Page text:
This paper focuses on the concept and analysis of photographic encounters which we utilised in an interview study to explore experiences of psychotherapy environments. Our study involves a dual perspective design (a sample of therapists, and a sample of clients). Interviews incorporating photographic encounters were transcribed, and then analysed with Interpretative Phenomenological Analysis. Nine therapists and five clients were recruited from a voluntary counselling service in the West Midlands. Two of the therapists first took photographs of the setting. These photographs were used in the study. Interviews involved participants viewing the photographs and then choosing images to discuss. A theoretical framework for analysing the photographic encounters was incorporated alongside IPA analysis. We show how photographic encounters facilitated insights about how participants were experiencing new, layered and embodied engagement with the therapy environment. We argue that photographic encounters in qualitative interviews can foster awareness of tacit experiencing, and that IPA is an effective and complementary approach for working with such data. Our use of photographic encounters contributes to the existing literature on generating multi-modal accounts of experience using visual methods. This paper also offers a distinctive, conceptually-based framework for use alongside IPA to analyse photographic encounters.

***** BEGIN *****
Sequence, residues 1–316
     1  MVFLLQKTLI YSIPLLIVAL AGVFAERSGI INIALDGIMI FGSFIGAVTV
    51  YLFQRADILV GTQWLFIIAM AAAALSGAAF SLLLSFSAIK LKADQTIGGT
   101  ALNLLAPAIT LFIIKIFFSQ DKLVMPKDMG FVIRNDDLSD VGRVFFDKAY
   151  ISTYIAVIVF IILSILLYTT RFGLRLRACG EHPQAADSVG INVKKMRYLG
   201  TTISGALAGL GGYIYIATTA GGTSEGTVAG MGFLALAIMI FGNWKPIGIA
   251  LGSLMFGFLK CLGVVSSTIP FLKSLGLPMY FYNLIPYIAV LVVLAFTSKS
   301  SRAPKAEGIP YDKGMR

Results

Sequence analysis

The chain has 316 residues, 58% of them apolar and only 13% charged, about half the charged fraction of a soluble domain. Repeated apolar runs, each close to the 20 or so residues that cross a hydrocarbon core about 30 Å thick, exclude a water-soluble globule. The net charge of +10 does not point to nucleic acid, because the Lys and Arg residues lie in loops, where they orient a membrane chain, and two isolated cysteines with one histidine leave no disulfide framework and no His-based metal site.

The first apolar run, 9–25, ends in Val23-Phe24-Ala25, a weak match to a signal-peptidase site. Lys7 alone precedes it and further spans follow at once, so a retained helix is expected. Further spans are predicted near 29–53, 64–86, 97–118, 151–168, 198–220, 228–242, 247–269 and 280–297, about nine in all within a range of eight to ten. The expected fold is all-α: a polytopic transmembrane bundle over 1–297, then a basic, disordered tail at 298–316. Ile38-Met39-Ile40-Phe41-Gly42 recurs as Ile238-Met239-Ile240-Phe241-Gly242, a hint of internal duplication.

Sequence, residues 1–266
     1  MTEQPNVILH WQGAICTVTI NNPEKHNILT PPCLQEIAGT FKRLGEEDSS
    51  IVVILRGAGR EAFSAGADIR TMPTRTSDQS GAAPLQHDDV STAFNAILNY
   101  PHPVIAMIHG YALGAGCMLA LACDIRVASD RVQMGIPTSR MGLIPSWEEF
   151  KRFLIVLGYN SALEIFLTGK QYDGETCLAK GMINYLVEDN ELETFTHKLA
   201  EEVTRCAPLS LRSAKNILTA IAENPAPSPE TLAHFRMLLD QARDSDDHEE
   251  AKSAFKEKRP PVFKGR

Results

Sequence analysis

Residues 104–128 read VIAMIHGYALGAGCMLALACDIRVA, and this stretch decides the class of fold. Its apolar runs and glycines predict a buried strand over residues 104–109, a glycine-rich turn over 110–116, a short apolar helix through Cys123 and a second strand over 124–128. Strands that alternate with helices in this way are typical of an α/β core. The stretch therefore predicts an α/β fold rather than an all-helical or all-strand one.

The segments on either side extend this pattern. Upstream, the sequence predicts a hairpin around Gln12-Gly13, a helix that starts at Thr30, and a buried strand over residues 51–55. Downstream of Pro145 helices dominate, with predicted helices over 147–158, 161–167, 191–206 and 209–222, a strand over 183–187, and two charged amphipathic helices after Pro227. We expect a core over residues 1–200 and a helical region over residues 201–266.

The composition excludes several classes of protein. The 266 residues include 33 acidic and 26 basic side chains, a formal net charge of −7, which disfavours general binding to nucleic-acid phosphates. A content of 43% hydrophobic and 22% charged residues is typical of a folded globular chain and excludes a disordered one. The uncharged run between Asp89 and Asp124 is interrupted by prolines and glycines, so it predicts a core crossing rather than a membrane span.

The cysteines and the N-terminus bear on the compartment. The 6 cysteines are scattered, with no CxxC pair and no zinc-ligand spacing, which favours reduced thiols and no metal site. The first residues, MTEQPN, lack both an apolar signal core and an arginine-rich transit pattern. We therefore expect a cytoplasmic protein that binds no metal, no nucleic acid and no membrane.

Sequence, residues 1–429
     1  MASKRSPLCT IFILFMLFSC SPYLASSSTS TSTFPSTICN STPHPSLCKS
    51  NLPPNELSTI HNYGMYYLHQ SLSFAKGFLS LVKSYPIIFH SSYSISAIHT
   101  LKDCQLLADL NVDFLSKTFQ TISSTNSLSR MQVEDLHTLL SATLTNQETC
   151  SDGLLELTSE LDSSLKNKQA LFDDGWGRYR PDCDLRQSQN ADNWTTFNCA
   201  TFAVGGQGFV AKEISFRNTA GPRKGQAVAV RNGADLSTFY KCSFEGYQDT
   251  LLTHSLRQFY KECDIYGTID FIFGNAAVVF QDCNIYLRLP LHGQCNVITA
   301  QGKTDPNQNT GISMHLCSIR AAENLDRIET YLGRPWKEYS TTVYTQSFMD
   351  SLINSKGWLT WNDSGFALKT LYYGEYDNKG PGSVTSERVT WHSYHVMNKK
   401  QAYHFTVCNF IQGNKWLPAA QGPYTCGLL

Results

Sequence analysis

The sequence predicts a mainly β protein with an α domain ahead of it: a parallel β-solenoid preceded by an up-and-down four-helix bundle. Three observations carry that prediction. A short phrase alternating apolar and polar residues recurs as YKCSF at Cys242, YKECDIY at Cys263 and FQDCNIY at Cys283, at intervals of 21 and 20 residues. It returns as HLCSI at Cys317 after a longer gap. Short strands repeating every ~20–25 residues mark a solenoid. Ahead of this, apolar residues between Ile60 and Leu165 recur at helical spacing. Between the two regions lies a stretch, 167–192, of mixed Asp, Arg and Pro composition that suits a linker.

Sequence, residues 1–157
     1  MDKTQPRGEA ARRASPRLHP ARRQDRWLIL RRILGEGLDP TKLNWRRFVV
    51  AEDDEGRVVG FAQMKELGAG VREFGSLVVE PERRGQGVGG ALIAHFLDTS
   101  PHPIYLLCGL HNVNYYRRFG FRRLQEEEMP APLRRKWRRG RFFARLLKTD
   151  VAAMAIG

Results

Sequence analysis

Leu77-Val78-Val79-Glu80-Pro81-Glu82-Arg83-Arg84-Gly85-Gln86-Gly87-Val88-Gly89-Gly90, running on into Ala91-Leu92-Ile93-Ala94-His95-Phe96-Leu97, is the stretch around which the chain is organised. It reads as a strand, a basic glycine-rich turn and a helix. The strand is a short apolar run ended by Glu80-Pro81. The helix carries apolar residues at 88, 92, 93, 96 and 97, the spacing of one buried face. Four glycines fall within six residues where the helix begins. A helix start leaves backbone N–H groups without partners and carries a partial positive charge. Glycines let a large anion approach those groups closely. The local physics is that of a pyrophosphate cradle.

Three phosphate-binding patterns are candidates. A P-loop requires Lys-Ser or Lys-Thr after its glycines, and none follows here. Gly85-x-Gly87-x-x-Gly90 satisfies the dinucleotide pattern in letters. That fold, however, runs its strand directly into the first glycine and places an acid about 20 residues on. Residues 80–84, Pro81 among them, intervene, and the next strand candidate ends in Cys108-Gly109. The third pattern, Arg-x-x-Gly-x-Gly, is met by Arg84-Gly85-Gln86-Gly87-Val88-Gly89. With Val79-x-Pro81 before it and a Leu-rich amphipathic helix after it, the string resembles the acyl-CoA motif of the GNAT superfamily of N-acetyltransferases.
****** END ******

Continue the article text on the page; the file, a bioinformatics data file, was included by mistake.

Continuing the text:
Bibliographical noteThis is an Accepted Manuscript of an article published by Taylor & Francis Group in Qualitative Research in Psychology on 2nd December 2021, available online at: https://doi.org/10.1080/14780887.2021.2001704 It is deposited under the terms of the Creative Commons Attribution-NonCommercial License (https://creativecommons.org/licenses/by-nc/4.0/), which permits non-commercial re-use, distribution, and reproduction in any medium, provided the original work is properly cited.
- Qualitative methods
- therapy environment
- visual methods